This post is from the CollabNet VersionOne blog and has not been updated since the original publish date.
Twelve awesome interactive facilitation techniques for agile teams
If you work with a team, and possibly, you are the scrum master or lead or product owner, or just a team member trying to guide a conversation — then these interactive facilitation techniques are for you. But before we move on, let’s first get it out there that we may call these “interactive facilitation techniques”, but they are really games. More specifically, games that help us at work. Using games — I mean, interactive facilitation techniques — help us to effectively and easily facilitate discussions. Using these games helps to drive good team behaviors (Blunt 1993) including cooperation, clarifying, inspiring, risk taking, harmonizing, and process checking, all the while helping to overcome the destructive team behaviors of dominating, rushing, withdrawing, digressing, discounting, and blocking. That all being said, let’s get to it. The following list of games are those that I’ve personally used with teams that I see work really well and are easy to adapt. I’ve taken the liberty to group them by the team meetings where they make the most sense; however, as I previously said, they are easy to adapt and can be used for almost any activity.
Affinity mapping – An oldie, but a goodie — this is a great way to collect, organize, and rationalize ideas — even large amounts of ideas. I’ve used this to help understand the objectives of meeting attendees and getting everyone on the some page. Here’s a great a time-lapse video of a team using affinity mapping to sort 500 pieces of customer feedback…click here.
Dot voting – Dot voting is a simple way to get a group of people to form consensus. This technique lets everyone have a voice and it’s a quick and easy way to rank things.
Pre-mortem – First off, let’s remember that words mean things and mortem is related to death. So I equate doing a pre-mortem to death planning including making your bucket list, understanding what things you should do to be health, and things to do to stay safe. The pre-mortem is a great risk management technique.
Product Box – Also known as Vision Box, this is a great way to discover what customers think, a way to uncover expectations, and ultimately share – or gain a shared understanding of the product or project or release. I find the product box to be a great exercise for release planning and project chartering.
My Worst Nightmare – This is a great way to get into heads of the team and learn from their experiences, anxieties, and expectations. An easy way to express yourself, you use pictures. They say a picture is worth a thousand words and it’s true. I use this exercise to prime the pump on understanding objectives.
Spider Web – Another game from Innovation Games, Spider Web is a form of context diagramming, but it’s no the run-of-the-mill context diagramming. First, everyone get’s to draw, second — use pictures, and finally, no rules — lines can go from one item to another. You’ll find this a great game to understand information flows between people, systems, and organizations.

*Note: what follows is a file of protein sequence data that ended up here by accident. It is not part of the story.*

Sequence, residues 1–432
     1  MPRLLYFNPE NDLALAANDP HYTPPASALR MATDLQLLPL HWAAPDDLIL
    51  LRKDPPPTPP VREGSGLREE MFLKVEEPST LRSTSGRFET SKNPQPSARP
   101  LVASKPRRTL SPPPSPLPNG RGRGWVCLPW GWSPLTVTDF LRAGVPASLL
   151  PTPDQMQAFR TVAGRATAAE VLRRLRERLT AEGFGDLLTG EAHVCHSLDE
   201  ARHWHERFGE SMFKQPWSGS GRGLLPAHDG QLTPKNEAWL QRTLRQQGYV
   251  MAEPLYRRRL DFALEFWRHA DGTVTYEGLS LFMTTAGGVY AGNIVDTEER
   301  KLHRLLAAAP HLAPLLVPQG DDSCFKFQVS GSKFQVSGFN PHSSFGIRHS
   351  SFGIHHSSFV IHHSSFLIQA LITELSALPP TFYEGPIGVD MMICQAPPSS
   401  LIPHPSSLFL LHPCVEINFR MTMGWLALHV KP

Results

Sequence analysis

Staple Yourself to Something – Have you ever found that getting started is the hardest thing to do? Well, this is the perfect game for you. This game involves mapping out processes - it helps to quickly get everyone on the same page as to how something should work. It helps with knowledge exchange, establishing process flow, and establishing a shared understanding.
Empathy mapping – Establishing personas is a key activity at helping to understand our customers or the users of the systems we are building. This technique is a fast and easy way to understand our users as a team. Even if you already understand your personas, let the team do this exercise and see what they discover.
Buy a Feature – Have you’ve ever been frustrated with stakeholders not being able to make prioritization decisions? Buy a Feature is an awesome way to help drive the discussions around prioritization. You may not land on the final ranking, but you will gain some awesome insight into what is important and where people are willing to negotiate.
White Elephant Sizing – This is the only way to estimate stories. Okay, not the only way, but it’s a good way. This game is a spin on the White Elephant gift exchange we do after the holidays. The values of this game are conversations and shared experiences of all the players. If you want to find a fast way to estimate, try this.
Sailboat and 4Ls – I’ve talked about both of these games before, and I play them regularly to help evaluate coaching sessions. I encourage folks to mix it up all the time with regards to retrospectives, and these two games are great ways to do it.
Learning Matrix – This one is from Diana Larson and Esther Derby’s Agile Retrospectives book. What I really like about it is that you find things to improve upon based on looking at what you are doing right. You review where things are going well and look at how applying what you are doing well to the things that are going wrong.